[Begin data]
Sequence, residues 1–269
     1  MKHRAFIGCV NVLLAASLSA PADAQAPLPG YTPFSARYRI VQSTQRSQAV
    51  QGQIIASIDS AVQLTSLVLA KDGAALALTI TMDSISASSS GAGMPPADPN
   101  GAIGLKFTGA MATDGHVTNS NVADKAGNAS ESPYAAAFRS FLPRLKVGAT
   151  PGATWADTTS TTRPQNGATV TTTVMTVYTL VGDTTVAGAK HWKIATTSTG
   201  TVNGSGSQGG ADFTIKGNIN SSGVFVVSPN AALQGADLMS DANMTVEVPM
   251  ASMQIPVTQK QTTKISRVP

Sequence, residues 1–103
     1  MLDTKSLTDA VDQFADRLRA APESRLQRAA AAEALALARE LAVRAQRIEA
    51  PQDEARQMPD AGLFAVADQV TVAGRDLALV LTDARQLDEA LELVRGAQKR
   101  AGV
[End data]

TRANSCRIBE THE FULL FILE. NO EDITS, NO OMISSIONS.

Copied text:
Sequence, residues 1–269
     1  MKHRAFIGCV NVLLAASLSA PADAQAPLPG YTPFSARYRI VQSTQRSQAV
    51  QGQIIASIDS AVQLTSLVLA KDGAALALTI TMDSISASSS GAGMPPADPN
   101  GAIGLKFTGA MATDGHVTNS NVADKAGNAS ESPYAAAFRS FLPRLKVGAT
   151  PGATWADTTS TTRPQNGATV TTTVMTVYTL VGDTTVAGAK HWKIATTSTG
   201  TVNGSGSQGG ADFTIKGNIN SSGVFVVSPN AALQGADLMS DANMTVEVPM
   251  ASMQIPVTQK QTTKISRVP

Sequence, residues 1–103
     1  MLDTKSLTDA VDQFADRLRA APESRLQRAA AAEALALARE LAVRAQRIEA
    51  PQDEARQMPD AGLFAVADQV TVAGRDLALV LTDARQLDEA LELVRGAQKR
   101  AGV